- U.S. Navy to start giving gay couples marriage benefits in Japan
- Sen. Harry Reid goes to hospital as a precaution
- Fla.’s Trey Radel exits rehab, ‘excited’ to resume congressional role
- U.S. nuclear general boozed it up, chased ‘hot women’ in Russia: report
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- Ku Klux Klan group holds recruitment meeting in Maryland
- Airport assassination: Mayor, 3 others killed at Manila airport
- Tea party-type lawmakers take mysterious, off-books trip to Mideast
- North Korea warns South: We’ll attack ‘without warning’
A stillness in the Senate
Question of the Day
During the debate, the Senate considered a provision which would allow future citizenship for illegals who volunteered to serve in our armed forces. Again, it is a good idea that could be considered separately, as could another plan to encourage legal immigration of foreigners with high educational skills in fields such as science and engineering. We, as a nation, need all the brain power we can get in the evolving global economy.
Now is the time for the government to start work at top speed on a fool-proof national identification card. There has been opposition to such a card from the liberals, but it is hard to see how the necessity of such a card differs from the requirements for a Social Security card or a driver’s license.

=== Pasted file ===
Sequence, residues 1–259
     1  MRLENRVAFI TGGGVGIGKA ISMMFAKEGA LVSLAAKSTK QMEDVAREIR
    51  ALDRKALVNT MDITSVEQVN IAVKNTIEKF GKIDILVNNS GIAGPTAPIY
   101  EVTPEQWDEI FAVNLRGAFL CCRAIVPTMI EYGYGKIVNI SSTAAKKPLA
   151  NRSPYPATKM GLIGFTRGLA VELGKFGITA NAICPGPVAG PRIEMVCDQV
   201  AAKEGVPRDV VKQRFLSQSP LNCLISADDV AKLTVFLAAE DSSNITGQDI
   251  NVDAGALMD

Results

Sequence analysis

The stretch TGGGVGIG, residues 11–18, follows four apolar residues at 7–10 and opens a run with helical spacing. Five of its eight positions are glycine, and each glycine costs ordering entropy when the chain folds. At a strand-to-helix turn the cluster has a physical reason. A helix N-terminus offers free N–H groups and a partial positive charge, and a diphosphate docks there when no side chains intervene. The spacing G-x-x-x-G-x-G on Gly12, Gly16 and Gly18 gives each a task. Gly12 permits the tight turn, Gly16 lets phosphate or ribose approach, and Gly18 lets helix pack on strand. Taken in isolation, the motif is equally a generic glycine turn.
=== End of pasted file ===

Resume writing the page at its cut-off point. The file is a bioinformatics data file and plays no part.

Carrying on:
Unfortunately, our government agencies are not known for speed in developing such projects, as illustrated by the current flap over passports. But a tamper-proof ID card is inevitable if we are to live in an age where terrorism prevails in the world. The sooner Congress approves such action the better. We need to end the excuses of firms that hire illegals.
The public takes the view that the government winks at the hiring of illegals, and the sooner we adopt appropriate identification procedures and enforce them, the sooner public confidence will rise.
Looking past the immigration bill, the Senate and the House badly need better leadership in both political parties. The Democrats spend too much time trying to bash the president, and the Republicans remain all too silent. A major part of the problem is the bitter partisanship which prevails. It is a major evil that is destroying the effectiveness of the legislative branch of government.
Herbert G. Klein is a national fellow of the American Enterprise Institute, retired editor-in-chief of Copley Newspapers and former Nixon White House director of communications.
By Michael P. Orsi
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